The Classic Book That Inspired Me to Read for Life

I am a devoted reader. I owe a lot of that to my classic book loving Mother.

But I also owe a lot of it to one of my 4th grade classmates. I don’t remember which one, but one of those kids gave me the reading bug. It sounds crazy, but it’s true.

Devouring Classic Books

My Mom was a reader. The kind of kid who read all the Dickens in her tiny local library. (And by Dickens I mean actual Charles Dickens. She’s hardcore.)

She taught me to read extraordinarily early, she got me lovely copies of classic books. I still have them, with illustrations and gilt on the edges of the pages. Black Beauty, Little Women, The Adventures of Tom Sawyer and more.

Though I was usually obedient and responsible, I didn’t respond to my Mom’s encouragement. I didn’t read any of my lovely books. I didn’t read much of anything.

The Book That Inspired Me

Then came that fateful day in 4th grade. We were moving and there was a going away party. Someone gave me a gift: a copy of Where the Red Fern Grows.

Maybe I started reading it because I was bored. Maybe it was because I really wanted to read but couldn’t give my Mother the satisfaction. But I felt something strong that I’d never felt before.

I guess I hadn’t realized that behind all the encouragement, my Mom wasn’t trying to force some tedious task on me. She wanted me to have the kind of incredible experience only children can have when they read with passion and intensity. It made me a reader for life.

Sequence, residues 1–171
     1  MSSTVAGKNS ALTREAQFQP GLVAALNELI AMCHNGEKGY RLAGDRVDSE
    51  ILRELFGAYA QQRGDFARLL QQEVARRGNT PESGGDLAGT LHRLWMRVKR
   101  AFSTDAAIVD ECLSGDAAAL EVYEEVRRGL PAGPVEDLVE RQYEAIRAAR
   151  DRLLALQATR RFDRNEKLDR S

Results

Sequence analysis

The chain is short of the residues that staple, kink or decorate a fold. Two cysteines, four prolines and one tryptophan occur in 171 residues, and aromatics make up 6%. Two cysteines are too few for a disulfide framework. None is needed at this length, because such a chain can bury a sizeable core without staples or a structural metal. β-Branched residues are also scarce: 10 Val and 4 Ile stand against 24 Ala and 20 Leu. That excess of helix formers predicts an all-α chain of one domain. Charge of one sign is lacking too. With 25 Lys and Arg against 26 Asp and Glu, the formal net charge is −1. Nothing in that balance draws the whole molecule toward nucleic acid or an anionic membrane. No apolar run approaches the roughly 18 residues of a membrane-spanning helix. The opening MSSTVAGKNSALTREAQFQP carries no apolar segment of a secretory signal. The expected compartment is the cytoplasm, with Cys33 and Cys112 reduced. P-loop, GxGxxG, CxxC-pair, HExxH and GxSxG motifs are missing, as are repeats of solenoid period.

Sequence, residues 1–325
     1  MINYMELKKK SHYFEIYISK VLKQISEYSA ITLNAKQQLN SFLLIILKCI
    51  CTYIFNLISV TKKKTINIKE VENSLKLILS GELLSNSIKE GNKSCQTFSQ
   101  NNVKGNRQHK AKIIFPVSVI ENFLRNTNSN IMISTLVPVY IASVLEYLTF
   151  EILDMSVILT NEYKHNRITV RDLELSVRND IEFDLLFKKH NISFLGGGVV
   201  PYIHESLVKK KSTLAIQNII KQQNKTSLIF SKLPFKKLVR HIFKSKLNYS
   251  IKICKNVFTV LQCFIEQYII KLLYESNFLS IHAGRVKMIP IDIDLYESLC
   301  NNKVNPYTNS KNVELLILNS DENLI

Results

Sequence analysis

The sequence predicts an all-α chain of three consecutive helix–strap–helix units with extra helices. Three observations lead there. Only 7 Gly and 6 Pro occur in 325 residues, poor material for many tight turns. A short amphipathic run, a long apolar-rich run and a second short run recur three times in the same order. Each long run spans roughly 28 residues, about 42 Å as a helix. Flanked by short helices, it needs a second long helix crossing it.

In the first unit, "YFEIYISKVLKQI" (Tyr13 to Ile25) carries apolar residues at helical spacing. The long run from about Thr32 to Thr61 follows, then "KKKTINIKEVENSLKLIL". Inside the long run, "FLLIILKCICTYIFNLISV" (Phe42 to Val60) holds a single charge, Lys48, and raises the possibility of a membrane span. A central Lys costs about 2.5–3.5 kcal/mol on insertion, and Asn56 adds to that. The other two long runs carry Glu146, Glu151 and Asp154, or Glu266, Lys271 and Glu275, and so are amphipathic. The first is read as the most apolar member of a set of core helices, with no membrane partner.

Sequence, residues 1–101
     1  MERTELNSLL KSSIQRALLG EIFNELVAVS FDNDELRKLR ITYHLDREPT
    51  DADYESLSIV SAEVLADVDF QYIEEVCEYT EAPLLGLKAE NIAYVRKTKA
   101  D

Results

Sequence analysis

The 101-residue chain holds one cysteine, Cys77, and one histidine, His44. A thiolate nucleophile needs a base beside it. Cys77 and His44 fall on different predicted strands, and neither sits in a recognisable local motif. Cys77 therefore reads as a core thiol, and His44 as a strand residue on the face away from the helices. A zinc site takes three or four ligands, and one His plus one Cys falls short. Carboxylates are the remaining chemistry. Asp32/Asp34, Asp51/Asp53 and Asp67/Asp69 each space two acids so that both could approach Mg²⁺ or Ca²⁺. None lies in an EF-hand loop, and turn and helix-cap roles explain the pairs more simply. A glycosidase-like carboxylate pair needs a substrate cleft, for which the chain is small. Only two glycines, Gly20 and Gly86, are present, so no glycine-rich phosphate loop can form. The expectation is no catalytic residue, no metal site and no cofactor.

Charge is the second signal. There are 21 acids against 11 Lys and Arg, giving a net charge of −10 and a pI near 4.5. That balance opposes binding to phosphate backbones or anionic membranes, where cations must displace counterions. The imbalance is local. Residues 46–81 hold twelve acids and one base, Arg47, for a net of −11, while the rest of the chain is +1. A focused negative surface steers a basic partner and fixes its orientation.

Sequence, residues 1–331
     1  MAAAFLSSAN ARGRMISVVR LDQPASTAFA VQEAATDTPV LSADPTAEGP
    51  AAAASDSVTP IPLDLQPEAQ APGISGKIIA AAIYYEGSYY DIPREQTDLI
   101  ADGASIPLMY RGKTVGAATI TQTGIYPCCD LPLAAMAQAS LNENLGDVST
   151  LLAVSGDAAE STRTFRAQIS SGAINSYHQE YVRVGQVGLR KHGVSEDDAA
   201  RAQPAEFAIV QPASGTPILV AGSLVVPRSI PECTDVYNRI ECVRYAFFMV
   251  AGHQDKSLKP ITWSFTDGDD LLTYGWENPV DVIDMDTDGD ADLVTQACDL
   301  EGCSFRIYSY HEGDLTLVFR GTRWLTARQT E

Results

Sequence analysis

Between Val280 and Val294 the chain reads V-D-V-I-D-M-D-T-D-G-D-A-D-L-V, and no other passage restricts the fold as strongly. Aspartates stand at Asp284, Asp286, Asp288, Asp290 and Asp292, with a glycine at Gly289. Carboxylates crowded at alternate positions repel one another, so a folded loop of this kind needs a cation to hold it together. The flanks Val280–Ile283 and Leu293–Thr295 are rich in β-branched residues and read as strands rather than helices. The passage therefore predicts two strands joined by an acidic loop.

Not that I learned my lesson right away. Mom told me to read the classic The Yearling and I think I may have lied and said I did. (But seriously. Read The Yearling. It’s very good)

When my Mom gave me the entire Anne of Green Gables series it languished on my bookshelf for years. Then, of course, I read every last one of them within a month and kicked myself for losing all that time I could have spent with Anne.

My son is still a toddler, and he has yet to show an interest in books that don’t have something fuzzy or prickly to touch. But he is not one of those “book babies.”

I envy the moms of book babies who get to read to them and watch them turn pages and point at pictures. We’re not there yet. I am trying to remember that it’s okay if it doesn’t happen right away. It’s okay if it doesn’t happen for a long time. If he is a true reader, he will find his way, whether I introduce him or whether he happens upon a book in the library or at a friend’s house.

But you can bet that I’ll be the one to give him his own copy of Where the Red Fern Grows.

Jessica Severson is a full-time working mom blogging through the madness of autism, parenting, budgeting, reading and life in general at Don’t Mind the Mess. She is a crazed bookworm who reads over 100 books per year and is currently patting herself on the back for finally finishing “Anna Karenina.”

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